The largest and most common funding mechanisms utilized for DDR are trust funds, generally managed by either UNDP or the World Bank. Other funding modalities include rapid funding mechanisms or emergency funds from either multilateral or bilateral sources, which may provide access to resources before or immediately upon the launch of a DDR process. Such resources are generally smaller in quantity and are intended primarily for the start-up of the programme, rather than for continued operational expenses.
Assessed contributions play an important role in meeting the short-term requirements of the programme not well-covered by voluntary contributions, providing a bridging mechanism until voluntary contributions can be secured (particularly for the longer-term and more costly reintegration phase). Assessed funds also have the advantage of being able to cover military-related expenditures (such as disarmament), which voluntary funds cannot. Assessed funds can also be used to cover reinsertion (for up to one year), as it is part of the demobilization phase, and can serve as a bridge to the reintegration phase.
What is the difference between reinsertion and reintegration?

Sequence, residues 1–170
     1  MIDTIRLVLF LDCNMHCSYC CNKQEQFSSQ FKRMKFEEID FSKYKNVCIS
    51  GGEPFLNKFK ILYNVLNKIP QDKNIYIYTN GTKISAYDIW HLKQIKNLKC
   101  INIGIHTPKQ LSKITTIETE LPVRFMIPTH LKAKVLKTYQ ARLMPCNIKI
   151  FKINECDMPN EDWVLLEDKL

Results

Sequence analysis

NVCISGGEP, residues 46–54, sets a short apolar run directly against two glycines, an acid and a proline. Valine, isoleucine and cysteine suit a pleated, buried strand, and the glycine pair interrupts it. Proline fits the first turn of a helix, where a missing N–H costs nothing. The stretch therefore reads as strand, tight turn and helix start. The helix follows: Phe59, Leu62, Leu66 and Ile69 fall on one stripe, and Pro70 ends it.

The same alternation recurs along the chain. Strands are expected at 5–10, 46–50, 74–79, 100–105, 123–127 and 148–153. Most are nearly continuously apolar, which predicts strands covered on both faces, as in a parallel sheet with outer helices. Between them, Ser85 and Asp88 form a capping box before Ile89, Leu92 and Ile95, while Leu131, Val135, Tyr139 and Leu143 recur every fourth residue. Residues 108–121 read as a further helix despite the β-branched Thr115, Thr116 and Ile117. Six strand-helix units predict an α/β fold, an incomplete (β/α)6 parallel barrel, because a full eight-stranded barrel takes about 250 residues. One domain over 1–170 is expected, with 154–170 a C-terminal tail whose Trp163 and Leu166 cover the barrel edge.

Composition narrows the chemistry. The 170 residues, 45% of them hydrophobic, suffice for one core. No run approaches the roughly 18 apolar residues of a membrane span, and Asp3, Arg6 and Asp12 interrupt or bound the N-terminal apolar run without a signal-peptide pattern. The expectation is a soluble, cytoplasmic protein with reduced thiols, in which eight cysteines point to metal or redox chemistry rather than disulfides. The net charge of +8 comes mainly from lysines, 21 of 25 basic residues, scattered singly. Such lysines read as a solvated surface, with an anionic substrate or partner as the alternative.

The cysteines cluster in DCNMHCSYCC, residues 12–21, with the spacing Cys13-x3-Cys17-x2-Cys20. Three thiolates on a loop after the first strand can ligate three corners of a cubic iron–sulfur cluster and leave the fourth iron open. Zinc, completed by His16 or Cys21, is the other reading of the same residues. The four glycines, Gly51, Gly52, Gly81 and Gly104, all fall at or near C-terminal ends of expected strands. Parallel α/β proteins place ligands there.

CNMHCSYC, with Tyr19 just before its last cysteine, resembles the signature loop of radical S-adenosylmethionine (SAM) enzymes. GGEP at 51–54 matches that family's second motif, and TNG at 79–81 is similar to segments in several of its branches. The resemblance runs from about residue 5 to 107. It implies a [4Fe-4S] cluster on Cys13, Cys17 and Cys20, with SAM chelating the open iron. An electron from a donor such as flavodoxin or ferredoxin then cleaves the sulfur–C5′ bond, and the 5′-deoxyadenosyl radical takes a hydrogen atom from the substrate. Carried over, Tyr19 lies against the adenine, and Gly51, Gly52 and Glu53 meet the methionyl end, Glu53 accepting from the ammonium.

Reinsertion is the assistance offered to ex-combatants during demobilization, but prior to the longer-term process of reintegration. Reinsertion is a form of transitional assistance utilized to help cover the basic needs of ex-combatants and their families. It may include transitional safety allowances, food, clothes, shelter, medical services short-term education, training, employment and tools. While reintegration is a long-term continuous social and economic process of development, reinsertion is short-term material and/or financial assistance used to meet immediate needs, often to buy time to prepare the reintegration programmes, and can last up to one year.
Reintegration is the process by which ex-combatants acquire civilian status and gain sustainable employment and income. Reintegration is essentially a social and economic process with an open time-frame, primarily taking place in communities at the local level. It is part of the general development of a country and a national responsibility, and often necessitates long-term external assistance.
What is the difference between a participant and a beneficiary?
Participants are all persons who will receive direct assistance through the DDR process, including male and female combatants; those associated with armed forces and groups, including women and children, persons living with disabilities, chronically ill persons and dependents; and others identified during negotiations of the political framework and planning for a UN-supported DDR process.
Beneficiaries are both individuals and groups who receive indirect benefits from a UN-supported DDR operation or programme. This may include communities in which DDR programme participants resettle, or where there are civil society organizations that are empowered and capacitated, businesses where ex-combatants work as part of the DDR programme, or other similar, indirect beneficiaries.